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CMAJ’s Holiday Reading is back! CMAJ Blogs will host the popular Holiday Reading series online in December 2019.

We’re seeking witty, offbeat, whimsical stories grounded in medicine. Have ideas? Email blogs@cmaj.ca 

Need inspiration? Check out some popular stories from previous years:

Pooh has an addiction issue: holiday reading

Limitations

Diving into the ice bucket challenge

Kacper Niburski is a medical student in the Class of 2021 at McGill University. He is also the CMAJ student humanities blog editor. Follow his writing instagram: @_kenkan.

 

 

The following was written because of this floating into my inbox like ash.

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Dear dear,

You asked me what objects looked like breasts. It was morning and the sun was yawning and you said you needed to write a thing for a thing. What thing, I asked? For a class, you told me. I flopped pancakes onto your plate, watched them deflate like a frown. Your pajamas were hanging loose, threads licked skin. Hair was a brown bush for birds or fingers. Eyes tired, hungry. Coffee beans were roasting. Burning. ...continue reading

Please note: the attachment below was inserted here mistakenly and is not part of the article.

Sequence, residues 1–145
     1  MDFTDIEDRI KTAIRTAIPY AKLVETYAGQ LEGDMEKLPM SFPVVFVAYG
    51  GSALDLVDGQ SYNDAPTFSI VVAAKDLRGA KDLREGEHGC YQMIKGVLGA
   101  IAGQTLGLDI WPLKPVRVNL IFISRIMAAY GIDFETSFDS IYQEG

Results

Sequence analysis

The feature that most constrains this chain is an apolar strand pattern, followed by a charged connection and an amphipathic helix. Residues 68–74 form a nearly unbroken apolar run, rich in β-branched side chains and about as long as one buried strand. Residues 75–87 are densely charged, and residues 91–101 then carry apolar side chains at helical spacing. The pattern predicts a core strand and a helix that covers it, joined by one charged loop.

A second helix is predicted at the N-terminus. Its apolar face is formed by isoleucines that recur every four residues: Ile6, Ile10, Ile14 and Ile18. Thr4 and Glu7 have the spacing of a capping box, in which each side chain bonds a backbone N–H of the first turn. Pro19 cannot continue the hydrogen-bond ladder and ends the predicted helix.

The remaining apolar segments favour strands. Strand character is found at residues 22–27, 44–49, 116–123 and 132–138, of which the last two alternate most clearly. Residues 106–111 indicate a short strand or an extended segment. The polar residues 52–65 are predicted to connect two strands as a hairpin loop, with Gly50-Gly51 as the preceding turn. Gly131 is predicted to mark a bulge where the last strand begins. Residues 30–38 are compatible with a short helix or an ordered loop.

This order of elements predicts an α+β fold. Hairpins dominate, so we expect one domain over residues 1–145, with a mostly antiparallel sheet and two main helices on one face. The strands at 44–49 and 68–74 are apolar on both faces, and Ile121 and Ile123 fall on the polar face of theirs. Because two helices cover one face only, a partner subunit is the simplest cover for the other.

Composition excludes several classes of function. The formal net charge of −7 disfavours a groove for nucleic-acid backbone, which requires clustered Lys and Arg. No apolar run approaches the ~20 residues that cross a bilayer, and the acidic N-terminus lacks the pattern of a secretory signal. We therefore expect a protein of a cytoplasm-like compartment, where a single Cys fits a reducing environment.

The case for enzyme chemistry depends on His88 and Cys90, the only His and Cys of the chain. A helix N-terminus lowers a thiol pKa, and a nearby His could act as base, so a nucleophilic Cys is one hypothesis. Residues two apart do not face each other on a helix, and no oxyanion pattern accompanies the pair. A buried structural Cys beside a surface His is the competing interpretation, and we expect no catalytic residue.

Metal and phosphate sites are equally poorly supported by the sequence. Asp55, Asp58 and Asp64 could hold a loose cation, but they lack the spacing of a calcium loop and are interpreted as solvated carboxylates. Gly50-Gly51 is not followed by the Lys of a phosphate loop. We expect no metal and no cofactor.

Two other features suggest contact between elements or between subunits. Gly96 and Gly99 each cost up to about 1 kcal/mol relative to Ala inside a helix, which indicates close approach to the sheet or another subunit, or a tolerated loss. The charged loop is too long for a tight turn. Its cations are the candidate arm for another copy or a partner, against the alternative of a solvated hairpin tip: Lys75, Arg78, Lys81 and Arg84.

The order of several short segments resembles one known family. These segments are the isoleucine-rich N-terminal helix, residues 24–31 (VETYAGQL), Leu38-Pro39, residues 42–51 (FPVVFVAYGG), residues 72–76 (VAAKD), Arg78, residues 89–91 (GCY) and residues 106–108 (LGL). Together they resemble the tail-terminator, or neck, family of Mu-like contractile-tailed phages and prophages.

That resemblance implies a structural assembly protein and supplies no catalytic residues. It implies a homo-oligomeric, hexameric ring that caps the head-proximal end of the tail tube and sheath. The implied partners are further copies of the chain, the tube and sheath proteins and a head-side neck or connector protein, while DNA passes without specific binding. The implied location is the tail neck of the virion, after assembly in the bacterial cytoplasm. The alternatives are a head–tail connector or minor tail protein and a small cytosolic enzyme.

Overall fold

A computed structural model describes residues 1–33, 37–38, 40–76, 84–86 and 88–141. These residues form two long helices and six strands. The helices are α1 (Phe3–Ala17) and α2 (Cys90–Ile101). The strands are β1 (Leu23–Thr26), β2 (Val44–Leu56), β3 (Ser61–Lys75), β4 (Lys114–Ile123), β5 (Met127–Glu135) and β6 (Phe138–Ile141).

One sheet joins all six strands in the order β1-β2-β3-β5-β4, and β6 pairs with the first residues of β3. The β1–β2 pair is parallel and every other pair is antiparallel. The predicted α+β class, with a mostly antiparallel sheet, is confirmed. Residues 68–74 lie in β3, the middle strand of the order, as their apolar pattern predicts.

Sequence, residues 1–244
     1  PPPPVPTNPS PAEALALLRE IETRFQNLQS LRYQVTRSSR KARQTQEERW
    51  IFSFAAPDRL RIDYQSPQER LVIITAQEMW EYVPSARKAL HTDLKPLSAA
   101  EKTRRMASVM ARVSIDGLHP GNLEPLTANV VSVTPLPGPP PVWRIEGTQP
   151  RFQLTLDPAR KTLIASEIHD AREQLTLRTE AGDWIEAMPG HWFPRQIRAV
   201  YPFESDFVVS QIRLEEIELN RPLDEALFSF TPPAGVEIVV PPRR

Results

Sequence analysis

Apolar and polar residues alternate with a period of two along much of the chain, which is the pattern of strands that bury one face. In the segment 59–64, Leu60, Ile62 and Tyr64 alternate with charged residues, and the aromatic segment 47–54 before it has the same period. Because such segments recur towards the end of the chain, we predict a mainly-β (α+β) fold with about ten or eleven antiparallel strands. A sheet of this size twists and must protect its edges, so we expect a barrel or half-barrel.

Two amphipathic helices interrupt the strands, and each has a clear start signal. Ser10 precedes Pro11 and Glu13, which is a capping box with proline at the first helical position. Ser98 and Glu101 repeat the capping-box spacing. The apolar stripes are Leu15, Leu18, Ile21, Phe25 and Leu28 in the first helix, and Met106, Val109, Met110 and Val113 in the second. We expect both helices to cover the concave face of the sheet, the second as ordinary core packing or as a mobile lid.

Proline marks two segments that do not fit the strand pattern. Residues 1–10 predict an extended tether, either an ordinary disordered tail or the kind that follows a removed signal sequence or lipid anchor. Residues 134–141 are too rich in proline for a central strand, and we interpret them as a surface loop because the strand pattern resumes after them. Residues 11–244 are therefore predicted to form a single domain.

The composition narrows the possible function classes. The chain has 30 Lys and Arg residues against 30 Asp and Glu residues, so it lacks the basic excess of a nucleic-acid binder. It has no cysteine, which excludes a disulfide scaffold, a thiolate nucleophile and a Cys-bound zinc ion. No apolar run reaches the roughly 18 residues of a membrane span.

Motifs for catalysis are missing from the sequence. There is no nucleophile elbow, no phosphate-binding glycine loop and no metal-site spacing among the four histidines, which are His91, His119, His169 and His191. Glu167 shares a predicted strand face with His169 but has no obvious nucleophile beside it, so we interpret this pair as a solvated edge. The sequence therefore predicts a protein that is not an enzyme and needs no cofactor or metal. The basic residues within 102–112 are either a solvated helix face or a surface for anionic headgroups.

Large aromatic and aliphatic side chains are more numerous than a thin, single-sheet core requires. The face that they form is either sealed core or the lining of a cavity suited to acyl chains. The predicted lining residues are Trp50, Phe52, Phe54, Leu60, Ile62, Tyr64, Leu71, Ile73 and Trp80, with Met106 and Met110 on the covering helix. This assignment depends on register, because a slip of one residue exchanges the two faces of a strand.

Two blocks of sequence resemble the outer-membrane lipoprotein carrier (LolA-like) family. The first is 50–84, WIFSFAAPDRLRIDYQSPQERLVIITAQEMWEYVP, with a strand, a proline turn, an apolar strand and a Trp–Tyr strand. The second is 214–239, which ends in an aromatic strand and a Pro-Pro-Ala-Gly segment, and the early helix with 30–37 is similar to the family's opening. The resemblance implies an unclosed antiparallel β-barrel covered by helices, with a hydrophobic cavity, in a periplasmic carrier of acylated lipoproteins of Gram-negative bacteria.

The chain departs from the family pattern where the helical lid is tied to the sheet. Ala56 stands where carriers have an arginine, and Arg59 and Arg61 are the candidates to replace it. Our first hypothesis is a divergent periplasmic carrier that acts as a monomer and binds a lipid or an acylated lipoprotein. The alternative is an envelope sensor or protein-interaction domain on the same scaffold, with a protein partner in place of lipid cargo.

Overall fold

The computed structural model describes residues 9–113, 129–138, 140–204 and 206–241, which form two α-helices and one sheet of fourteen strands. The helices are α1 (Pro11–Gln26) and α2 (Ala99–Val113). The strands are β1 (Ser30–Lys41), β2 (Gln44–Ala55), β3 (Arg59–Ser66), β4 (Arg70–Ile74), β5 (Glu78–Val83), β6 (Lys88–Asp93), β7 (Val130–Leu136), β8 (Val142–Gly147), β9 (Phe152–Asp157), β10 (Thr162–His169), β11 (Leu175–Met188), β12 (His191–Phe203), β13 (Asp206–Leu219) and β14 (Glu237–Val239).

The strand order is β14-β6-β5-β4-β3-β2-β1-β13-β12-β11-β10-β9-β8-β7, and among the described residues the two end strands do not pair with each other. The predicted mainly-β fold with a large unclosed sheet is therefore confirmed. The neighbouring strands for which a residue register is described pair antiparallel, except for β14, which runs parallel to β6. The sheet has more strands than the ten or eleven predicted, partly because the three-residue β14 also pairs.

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Due to the sensitivity of the post, the author wished to publish the following piece anonymously. 

Dear Student,

On behalf of the Admissions Committee, we are pleased to reward you an offer of admission to the Doctor of Medicine Program!

This year our Committee received over 5,000 applications, and extended less than 250 offers of admission. However, medicine is not a meritocracy. Upon meeting peers from diverse backgrounds, you will quickly realize that applicants differed in their advantages throughout the admissions process. “Not every applicant had the same access to opportunities to demonstrate or enhance his or her commendable qualities”. ...continue reading

Sarah Chauvin is a PGY2 Family Medicine resident at McMaster University.

 

Palliative care empowers and comforts individuals with life-limiting illnesses. It may be sought at any point and serves as an adjunct to other treatments provided it falls within someone’s goals of care. It is not just trendy terminology or a “feel-good” concept; it is the cornerstone of a good death.

So why, then, after weeks of advocacy, was it denied from my grandmother. Denial? Arrogance? The belief that despite multi-system organ failure at the age of 88 years old we might still be able to “fix” her? So that rather than allowing her to control her environment and provide us with the opportunity to say goodbye, she passed away alone, minutes after being offered a colonoscopy. In fact, minutes after refusing further intervention stating, “I want to go home”. Perhaps an option she never knew existed to her until that moment. ...continue reading